Perhaps it is high time Thomas Abilla expends his energy into learning and helping the persons he speaks for to understand what it means to be a chief. An example has been set by the other chiefs who attended the documentary premiere. They know that bringing about unity and peace is not in organizing press conferences and threatening war and chaos. They know that speaking the truth is all that matters and are comfortable no matter what part of their interview is “abridged”.
The other sad part of the article is the way and manner in which the newly appointed Regional Minister of the Upper East Region reacted to the press conference organized by the so-called chiefs.
According to the minister, “We would call for the withdrawal of this documentary and for the producers to re-examine it and to come out to apologise if they find that the documentary indeed had touched on the sensibilities of some ethnic groups in the Upper East and Northern regions. I say so because my understanding is that the documentary was not fully played because it could not roll out fully at a SADA (Savannah Accelerated Development Authority) programme in Tamale. I will urge the people of Bawku through the Traditional Authority, the Bawku Naba, to remain calm whilst we take up the matter within SADA and within our region,”
Albert Abongo unfortunately already concluded that what was carried in the press conference was true and joined Thomas Abilla and the perosns he speaks for in their chorus by calling for a withdrawal of the documentary and asking the producers to apologise.
Let me use this opportunity to say that for a member of BONABOTO, a reputable organization that identifies with the larger Naa Gbewa family, to react this way to a press conference leaves much to be desired. I do not know the kind of briefing he got from his predecessor about Bawku and its troubles but such knee-jerk reactions is a huge disappointment. Let Albert Abongo be cautioned about the trickery of Thomas Abilla and his master. Let Albert Abongo wear a father-for-all hat of a regional minister and do his work devoid of partisanship and any other external machinations. Albert Abongo should ask his predecessor about Bawku.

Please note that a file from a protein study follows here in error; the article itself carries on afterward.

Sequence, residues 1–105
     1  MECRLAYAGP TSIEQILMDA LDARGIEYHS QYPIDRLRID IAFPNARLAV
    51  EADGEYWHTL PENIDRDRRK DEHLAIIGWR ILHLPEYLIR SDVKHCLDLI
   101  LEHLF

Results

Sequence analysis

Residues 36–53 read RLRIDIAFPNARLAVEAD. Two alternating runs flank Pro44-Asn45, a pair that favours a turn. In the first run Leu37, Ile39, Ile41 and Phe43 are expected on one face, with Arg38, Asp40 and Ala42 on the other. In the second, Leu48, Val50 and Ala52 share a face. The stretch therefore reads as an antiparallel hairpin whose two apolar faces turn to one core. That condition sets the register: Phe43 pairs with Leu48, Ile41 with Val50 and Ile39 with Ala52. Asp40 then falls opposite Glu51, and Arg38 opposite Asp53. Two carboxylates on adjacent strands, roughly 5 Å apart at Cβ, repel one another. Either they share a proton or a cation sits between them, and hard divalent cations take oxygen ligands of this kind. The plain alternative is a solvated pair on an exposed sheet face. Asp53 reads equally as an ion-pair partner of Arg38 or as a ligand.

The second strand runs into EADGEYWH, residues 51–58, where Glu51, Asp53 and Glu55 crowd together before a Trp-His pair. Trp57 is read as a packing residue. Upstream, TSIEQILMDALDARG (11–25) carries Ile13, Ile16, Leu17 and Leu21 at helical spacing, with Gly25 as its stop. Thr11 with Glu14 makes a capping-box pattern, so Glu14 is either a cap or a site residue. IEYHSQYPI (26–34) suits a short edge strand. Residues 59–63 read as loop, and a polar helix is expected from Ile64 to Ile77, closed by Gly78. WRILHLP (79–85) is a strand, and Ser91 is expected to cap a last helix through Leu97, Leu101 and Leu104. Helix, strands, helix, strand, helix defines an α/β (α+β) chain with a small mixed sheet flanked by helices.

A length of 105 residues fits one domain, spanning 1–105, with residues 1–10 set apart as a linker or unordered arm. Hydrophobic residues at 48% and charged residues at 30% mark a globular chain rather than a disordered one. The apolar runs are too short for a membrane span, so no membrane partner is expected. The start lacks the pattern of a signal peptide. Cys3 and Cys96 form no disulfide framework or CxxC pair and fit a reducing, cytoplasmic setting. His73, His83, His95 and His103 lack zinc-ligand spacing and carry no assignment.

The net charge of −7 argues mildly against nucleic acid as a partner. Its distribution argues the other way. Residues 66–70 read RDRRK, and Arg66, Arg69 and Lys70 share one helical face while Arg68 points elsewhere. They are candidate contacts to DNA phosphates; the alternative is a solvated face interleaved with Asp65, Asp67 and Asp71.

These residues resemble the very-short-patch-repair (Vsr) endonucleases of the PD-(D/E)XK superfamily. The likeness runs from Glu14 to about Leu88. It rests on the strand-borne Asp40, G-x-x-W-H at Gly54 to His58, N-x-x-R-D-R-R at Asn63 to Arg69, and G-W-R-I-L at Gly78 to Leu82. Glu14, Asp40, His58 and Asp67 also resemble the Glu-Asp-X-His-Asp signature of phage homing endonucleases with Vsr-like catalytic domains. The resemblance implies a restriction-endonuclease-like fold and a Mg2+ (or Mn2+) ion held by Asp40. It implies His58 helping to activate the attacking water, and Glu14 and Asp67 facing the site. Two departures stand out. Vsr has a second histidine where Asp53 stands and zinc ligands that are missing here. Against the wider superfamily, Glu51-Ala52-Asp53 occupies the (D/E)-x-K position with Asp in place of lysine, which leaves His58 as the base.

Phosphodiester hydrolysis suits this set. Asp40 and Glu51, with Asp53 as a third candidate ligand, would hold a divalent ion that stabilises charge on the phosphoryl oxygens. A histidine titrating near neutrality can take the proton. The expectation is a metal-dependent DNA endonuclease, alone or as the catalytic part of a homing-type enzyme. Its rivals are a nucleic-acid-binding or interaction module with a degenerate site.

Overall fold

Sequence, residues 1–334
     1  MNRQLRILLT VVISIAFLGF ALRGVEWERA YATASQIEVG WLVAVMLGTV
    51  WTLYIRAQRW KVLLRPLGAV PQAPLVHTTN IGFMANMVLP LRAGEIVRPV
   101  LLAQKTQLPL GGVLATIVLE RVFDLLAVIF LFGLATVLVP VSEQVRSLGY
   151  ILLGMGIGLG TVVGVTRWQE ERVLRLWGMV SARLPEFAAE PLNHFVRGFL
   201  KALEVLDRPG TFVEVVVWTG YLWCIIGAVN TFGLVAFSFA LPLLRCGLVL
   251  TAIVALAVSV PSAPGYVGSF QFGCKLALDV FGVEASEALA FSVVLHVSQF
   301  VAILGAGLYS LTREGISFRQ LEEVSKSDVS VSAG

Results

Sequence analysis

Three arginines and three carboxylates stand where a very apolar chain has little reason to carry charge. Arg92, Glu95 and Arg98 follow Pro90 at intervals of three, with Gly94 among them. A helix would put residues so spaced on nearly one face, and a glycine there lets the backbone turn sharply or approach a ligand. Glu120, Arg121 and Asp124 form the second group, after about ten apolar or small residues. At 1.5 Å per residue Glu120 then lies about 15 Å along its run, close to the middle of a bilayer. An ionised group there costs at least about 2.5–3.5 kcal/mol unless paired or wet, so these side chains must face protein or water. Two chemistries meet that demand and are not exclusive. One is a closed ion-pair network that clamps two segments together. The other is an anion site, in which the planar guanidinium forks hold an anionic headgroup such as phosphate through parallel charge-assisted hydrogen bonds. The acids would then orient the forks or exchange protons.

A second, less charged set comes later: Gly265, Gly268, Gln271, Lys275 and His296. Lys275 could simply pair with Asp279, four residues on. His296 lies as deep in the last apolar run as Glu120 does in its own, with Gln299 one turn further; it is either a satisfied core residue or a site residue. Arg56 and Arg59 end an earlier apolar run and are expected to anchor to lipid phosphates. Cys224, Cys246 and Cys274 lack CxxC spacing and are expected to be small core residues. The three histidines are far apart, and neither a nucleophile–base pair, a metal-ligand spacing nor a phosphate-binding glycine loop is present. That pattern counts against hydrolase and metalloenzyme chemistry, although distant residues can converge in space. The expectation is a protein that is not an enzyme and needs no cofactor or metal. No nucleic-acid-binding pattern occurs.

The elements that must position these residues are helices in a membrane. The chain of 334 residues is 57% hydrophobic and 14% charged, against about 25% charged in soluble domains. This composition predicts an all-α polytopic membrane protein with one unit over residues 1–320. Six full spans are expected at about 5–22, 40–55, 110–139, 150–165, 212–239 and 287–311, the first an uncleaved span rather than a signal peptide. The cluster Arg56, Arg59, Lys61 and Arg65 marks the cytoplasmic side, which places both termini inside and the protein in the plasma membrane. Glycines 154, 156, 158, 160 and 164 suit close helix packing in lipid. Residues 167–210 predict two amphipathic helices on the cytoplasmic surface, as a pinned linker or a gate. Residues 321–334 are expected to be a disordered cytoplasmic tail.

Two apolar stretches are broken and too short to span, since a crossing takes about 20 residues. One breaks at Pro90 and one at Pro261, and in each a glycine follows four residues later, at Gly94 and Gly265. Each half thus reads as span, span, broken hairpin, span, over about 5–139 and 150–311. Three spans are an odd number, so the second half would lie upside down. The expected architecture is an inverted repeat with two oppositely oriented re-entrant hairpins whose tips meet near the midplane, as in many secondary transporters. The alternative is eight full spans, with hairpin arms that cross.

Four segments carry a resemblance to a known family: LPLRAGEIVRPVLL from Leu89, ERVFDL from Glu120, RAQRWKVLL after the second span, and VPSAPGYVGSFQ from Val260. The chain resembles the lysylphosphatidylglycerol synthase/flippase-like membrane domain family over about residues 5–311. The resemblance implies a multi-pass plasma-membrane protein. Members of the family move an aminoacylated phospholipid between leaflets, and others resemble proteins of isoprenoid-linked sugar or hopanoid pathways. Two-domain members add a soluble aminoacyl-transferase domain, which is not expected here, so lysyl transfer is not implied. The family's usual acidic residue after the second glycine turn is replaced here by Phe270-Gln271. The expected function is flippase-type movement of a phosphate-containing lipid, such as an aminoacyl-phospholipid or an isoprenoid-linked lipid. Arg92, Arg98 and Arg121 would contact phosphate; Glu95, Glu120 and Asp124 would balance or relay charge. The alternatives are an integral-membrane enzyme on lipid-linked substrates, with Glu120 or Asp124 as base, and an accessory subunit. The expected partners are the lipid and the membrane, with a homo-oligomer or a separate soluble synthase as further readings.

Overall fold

In fact, he should read Thomas Abilla and his master’s press conference again and next time he is in Bawku he should try and ask of the “plenty plenty” speakers and the “Somebody” who was introduced as regent at the said event. He should engage them, listen to what they have to say and then he would be very well informed about Bawku and its dynamics. Albert Abongo, until you do this, you will think yourself chairman of the regional Security Council but in actual fact remain a piece of wood on a chessboard. Remaining a piece of wood on a chessboard does not augur well for a town that has some of its inhabitants like the organizers of the press conference screaming war and chaos anytime something goes contrary to their agenda.
Albert Abongo, be well informed that an election is around the corner and everyone is praying and preaching peace across the length and breadth of this country. Beware of those who see violence and war as a means to legitimizing their illegitimacy. Do not, in an attempt to sympathize with these chiefs, ostracize yourself from the other party in Bawku. They must be commended for their composure and show of maturity in the face of such open vileness and provocation. I shudder to think what your reaction and that of the security agencies you chair would have been if it were that other side that organized this press conference and made all these threats. Do not fall for the theatrics. Beware, Albert Abongo! Beware!
And to Thomas Abilla and the persons he speaks for, true sons and daughters of Bawku know and value the peace they fought hard for and no amount of vile threats will deceive them into your trickery. You will not be allowed to cut the baby in half. The baby will stay whole and alive.
a lemma Siddons gmail.com
Disclaimer: "The views/contents expressed in this article are the sole responsibility of Alemna Sidsob and do not neccessarily reflect those of Modern Ghana.